As national unemployment hits a 50-year low, the St. Louis region is keeping pace, with the St. Louis Regional Chamber reporting just 3.6% unemployment in its latest update. This exceptional progress is certainly something to celebrate, but it masks a serious problem lurking in the background: the lack of skilled workers to fill the jobs that will help secure our future.
Companies are increasingly implementing automation and digital transformation strategies to help optimize operations, enhance production and protect safety. Advances in automation are helping companies realize unprecedented improvements in performance and are key to helping our economy — on both a local and national level — grow.
Automation is creating incredible opportunities — and we need a workforce that can keep up. The jobs of the future, particularly within manufacturing industries, will need skilled workers with a deep foundation in science, technology, engineering and math (STEM) to make sense of the data derived from automation technologies.
These new, digitally augmented roles are strong career options — but they’re the ones that may go unfilled if we don’t change our trajectory. About 10,000 baby boomers reach retirement age every day and, while the STEM pipeline is expanding, it’s not broad enough.
The National Association of Manufacturers predicts that as many as 2 million manufacturing jobs will sit vacant over the next decade because of the widening skills gap. This problem has consequences beyond manufacturing: The 2018 manufacturing skills-gap study from Deloitte and The Manufacturing Institute found the skills shortage could threaten $454 billion of manufacturing gross domestic product by 2028.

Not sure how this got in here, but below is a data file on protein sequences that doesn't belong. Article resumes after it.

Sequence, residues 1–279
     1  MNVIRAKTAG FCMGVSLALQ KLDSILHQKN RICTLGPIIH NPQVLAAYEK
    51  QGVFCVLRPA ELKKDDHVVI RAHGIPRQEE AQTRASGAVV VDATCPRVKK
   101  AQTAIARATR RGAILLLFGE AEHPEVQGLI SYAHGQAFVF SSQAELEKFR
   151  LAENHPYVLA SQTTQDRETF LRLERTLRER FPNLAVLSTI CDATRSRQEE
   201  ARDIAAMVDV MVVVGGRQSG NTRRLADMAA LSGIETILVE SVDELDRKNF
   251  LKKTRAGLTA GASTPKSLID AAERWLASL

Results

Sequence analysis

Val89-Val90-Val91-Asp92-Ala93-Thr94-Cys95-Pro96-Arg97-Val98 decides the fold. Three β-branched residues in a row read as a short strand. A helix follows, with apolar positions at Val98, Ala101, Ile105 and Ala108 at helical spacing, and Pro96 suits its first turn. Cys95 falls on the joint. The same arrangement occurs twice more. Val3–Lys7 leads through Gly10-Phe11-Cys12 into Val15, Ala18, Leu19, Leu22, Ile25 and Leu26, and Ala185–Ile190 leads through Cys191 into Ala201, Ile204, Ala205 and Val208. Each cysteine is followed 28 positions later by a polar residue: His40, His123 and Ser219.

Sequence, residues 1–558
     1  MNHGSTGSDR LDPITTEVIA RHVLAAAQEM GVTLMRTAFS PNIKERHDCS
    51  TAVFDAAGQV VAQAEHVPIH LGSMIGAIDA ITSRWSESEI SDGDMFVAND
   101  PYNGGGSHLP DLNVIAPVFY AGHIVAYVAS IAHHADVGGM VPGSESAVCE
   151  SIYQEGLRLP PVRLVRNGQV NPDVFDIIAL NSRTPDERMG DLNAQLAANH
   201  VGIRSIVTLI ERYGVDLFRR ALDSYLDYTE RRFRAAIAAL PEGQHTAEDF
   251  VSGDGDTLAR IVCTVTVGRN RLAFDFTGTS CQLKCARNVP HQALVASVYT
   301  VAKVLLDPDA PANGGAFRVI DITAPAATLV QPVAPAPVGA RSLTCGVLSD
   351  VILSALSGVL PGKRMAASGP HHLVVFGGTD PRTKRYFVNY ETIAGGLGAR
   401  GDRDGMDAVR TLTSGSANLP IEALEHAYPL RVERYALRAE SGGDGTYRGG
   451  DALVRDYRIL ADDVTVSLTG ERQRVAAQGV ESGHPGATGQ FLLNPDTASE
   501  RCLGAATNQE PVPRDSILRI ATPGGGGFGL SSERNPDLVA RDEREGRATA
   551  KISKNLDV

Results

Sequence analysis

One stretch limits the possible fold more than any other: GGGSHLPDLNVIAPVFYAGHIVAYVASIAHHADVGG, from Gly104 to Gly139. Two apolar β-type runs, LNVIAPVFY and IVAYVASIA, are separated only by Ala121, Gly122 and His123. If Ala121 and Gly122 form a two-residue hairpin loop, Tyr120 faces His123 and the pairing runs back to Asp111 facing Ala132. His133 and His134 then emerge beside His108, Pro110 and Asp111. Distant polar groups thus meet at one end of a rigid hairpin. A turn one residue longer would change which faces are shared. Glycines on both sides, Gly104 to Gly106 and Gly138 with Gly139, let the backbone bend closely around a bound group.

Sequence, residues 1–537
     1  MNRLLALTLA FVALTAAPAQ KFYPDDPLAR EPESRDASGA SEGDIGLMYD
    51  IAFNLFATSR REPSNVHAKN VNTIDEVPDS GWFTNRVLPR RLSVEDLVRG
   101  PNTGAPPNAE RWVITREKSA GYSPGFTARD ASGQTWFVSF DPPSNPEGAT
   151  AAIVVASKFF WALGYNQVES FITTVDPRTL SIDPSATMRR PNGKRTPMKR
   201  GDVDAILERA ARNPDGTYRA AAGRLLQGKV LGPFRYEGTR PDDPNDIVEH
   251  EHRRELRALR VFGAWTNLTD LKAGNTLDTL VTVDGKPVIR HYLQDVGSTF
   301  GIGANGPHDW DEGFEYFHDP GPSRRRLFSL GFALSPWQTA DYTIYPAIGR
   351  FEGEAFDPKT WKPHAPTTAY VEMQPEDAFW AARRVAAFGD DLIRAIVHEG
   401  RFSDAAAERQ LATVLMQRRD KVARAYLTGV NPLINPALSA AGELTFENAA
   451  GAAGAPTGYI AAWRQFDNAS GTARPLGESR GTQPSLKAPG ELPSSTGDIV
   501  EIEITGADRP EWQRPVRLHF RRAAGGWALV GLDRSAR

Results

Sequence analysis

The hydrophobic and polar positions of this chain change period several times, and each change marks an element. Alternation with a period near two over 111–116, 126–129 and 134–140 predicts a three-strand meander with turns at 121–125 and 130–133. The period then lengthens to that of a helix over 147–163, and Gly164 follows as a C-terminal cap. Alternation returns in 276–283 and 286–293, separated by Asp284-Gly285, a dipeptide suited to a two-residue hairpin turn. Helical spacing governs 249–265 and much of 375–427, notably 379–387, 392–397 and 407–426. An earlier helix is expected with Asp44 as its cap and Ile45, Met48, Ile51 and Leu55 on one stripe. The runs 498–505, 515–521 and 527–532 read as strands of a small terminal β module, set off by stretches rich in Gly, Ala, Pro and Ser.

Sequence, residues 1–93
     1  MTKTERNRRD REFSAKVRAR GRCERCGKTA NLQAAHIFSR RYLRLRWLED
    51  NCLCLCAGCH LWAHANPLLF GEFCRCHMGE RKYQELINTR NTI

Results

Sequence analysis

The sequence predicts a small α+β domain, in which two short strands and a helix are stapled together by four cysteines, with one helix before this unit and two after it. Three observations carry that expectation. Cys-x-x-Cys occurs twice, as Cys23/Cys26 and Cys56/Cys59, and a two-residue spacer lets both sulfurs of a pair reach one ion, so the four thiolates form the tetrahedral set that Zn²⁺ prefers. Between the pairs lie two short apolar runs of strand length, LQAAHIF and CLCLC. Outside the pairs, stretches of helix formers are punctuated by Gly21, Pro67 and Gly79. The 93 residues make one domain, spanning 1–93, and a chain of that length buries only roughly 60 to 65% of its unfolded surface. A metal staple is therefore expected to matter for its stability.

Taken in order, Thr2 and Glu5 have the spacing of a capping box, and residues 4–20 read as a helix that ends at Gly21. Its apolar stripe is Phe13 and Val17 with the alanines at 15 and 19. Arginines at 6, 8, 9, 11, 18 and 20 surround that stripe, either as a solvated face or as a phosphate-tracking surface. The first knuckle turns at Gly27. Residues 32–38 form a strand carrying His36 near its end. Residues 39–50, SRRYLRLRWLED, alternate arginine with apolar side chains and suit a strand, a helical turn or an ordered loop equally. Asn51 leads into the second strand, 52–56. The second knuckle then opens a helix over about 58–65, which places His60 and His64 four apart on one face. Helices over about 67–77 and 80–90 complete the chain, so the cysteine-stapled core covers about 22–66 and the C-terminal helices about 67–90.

We must act quickly to address this problem, create a steady pipeline of qualified talent, and maintain the economic progress we’ve made in our region. But how do we solve such a large, complex issue?
Like anything else, it starts with education — across all levels. For our existing workforce, we have a responsibility to help workers update their skills to make the most of the new digital tools. Roles like plant maintenance, for instance, will never go away. But digitally empowered workers are seeing much of their daily work shift from repairing equipment after it breaks down to monitoring equipment through predictive technologies to enable proactive maintenance — and enhance business results.
As we prepare today’s workforce for new roles, partnerships with academic leaders can make a big impact. Ranken Technical College is an incredible regional resource with a focus on developing highly skilled workers. Emerson recently partnered with Ranken to create a Portable Learning Platform — essentially, a small plant on wheels — to teach today’s workers how to use the newest technologies and equipment. This hands-on experience is critical to effective learning.
For the workers of tomorrow, we must focus on both recruiting and sharing the benefits of a career in manufacturing. When many people picture a STEM career, “manufacturing” may not be the first job they envision, but the jobs of tomorrow are digitally powered career options that rely on technology and engineering know-how.
Primary-school children may be our biggest opportunity to make an impact. These students are still learning what interests them. Providing lessons that show them the fun and endless possibilities of STEM can create a lifelong love of learning and an aptitude for STEM. This kind of education doesn’t have to happen just in the classroom: Emerson has hosted “We Love STEM” days for students around the world to provide the hands-on exposure and experience that creates lasting memories.
We have made incredible economic progress as a region, but we aren’t finished with the fight. To keep from falling further behind in the job skills gap, we must pull together and focus our efforts on training today’s workers and the STEM workers of tomorrow. This is critical to maintaining our continued strength as a region — and maintaining a strong economy that will thrive into the future.
Michael H. Train is president of Emerson.
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